Richard and Sara Everton move from a sophisticated life in San Francisco to an old adobe house in super-rural Mexico where, on some harebrained idea, they think they can make a go of it by re-opening a copper mine abandoned by Richard's grandfather. It's an idyllic dream, and there are many good moments. But from the very opening of the book, we're told Richard will die, Sara will deny their problems till the end, and they will leave Ibarra without having achieved their dreams. The range and depth of characters in the little town, the juxtaposition of one culture against another, the assimilation of the atheistic Americans into the intensely Catholic community, the gorgeous descriptions of the landscapes, and the many side stories of the myriad characters all contribute to this book's perennial popularity. One gets the sense that the author's love and affection for her characters is real.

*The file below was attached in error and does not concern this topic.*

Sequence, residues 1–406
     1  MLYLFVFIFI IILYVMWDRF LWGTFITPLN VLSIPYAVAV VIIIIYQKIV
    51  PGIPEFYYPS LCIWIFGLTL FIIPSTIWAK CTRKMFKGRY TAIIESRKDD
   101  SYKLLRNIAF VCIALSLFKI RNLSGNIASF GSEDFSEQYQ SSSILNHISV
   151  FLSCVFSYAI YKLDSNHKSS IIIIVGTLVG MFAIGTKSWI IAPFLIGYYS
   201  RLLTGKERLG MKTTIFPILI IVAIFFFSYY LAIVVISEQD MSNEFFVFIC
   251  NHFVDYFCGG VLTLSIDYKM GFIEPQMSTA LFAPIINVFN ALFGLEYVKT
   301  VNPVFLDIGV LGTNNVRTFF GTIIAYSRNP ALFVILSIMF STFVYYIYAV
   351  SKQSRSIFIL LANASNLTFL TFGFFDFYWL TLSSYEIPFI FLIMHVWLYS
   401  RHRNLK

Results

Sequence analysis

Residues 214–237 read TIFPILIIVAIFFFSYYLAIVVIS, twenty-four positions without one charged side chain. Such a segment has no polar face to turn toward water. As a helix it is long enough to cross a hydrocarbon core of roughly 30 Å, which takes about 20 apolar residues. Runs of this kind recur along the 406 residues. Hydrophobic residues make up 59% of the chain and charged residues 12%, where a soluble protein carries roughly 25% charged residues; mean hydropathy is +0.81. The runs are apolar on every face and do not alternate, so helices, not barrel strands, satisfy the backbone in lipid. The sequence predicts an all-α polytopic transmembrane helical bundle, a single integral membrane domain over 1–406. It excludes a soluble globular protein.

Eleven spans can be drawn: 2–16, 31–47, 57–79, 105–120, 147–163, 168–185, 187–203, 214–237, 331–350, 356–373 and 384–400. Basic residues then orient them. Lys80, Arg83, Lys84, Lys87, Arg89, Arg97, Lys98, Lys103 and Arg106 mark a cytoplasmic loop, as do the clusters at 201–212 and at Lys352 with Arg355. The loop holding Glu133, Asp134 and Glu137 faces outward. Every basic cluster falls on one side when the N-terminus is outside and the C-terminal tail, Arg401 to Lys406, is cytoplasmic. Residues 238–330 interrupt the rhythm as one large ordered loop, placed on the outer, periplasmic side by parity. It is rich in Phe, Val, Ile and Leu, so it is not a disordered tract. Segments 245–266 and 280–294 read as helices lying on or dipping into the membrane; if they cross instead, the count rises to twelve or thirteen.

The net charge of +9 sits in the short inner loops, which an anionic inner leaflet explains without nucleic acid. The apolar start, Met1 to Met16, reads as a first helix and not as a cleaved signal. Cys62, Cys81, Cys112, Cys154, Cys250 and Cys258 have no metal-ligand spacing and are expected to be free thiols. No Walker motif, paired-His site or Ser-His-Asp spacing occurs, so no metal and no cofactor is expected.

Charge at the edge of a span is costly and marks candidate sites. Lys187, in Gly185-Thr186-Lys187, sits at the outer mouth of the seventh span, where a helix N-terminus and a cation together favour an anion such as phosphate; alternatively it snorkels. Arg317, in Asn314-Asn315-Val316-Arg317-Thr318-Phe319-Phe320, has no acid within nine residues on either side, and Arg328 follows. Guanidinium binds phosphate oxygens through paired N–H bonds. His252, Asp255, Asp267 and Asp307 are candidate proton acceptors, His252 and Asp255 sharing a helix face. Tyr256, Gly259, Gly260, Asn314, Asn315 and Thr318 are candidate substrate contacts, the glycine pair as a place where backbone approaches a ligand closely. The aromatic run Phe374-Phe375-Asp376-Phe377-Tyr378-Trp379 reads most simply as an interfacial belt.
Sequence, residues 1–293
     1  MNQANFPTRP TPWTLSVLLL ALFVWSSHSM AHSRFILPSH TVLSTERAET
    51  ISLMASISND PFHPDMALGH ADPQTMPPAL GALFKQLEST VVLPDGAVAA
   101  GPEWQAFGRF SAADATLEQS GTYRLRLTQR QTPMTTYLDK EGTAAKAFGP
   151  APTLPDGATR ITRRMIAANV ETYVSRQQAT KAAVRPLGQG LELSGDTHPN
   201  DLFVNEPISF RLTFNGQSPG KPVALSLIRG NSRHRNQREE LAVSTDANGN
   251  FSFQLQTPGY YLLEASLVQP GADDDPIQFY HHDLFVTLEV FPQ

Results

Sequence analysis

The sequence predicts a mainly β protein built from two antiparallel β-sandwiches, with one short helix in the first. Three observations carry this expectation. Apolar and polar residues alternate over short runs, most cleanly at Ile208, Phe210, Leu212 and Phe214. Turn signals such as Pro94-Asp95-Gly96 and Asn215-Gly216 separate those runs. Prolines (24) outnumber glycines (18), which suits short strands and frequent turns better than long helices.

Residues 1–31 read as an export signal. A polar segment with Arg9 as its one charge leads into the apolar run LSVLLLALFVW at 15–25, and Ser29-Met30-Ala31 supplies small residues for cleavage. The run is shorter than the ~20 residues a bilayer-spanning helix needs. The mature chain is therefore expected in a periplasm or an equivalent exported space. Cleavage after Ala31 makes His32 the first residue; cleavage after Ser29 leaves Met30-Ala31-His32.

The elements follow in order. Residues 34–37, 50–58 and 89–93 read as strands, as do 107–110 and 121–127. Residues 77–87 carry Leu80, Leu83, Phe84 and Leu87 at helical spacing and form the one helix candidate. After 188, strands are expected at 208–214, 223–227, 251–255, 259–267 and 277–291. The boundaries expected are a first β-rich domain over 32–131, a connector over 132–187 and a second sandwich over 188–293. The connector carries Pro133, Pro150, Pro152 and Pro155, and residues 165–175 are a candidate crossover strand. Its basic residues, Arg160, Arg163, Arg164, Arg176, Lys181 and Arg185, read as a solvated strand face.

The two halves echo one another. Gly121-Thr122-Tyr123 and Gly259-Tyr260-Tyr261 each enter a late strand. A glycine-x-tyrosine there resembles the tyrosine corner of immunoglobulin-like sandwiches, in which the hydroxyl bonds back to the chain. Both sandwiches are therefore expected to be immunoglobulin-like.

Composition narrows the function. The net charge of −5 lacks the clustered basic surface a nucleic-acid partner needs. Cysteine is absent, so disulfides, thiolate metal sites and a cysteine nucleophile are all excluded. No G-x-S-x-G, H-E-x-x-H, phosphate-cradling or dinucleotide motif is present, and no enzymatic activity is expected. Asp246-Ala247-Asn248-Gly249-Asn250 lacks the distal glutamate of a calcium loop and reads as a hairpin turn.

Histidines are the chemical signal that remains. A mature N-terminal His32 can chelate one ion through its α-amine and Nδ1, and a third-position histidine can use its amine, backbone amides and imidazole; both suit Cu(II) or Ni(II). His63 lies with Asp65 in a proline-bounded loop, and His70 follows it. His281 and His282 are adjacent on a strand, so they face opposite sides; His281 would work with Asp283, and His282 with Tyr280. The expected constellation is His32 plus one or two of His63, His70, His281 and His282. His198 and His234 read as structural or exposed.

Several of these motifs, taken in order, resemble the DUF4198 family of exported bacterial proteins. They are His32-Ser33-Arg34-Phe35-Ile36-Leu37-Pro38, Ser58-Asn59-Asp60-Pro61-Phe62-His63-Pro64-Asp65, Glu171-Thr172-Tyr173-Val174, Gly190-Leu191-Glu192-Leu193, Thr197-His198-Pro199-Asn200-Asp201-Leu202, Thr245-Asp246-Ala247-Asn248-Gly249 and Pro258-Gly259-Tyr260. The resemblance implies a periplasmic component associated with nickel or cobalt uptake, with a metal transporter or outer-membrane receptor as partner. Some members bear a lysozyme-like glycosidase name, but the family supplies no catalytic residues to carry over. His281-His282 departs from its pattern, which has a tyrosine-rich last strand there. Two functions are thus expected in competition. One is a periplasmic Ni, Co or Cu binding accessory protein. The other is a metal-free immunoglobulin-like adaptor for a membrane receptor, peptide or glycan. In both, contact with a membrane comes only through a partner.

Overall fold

It's a beautifully written book, and it's certainly incredible that Harriet Doerr wrote it, her first book (at least the first to be published), when she herself was already an old woman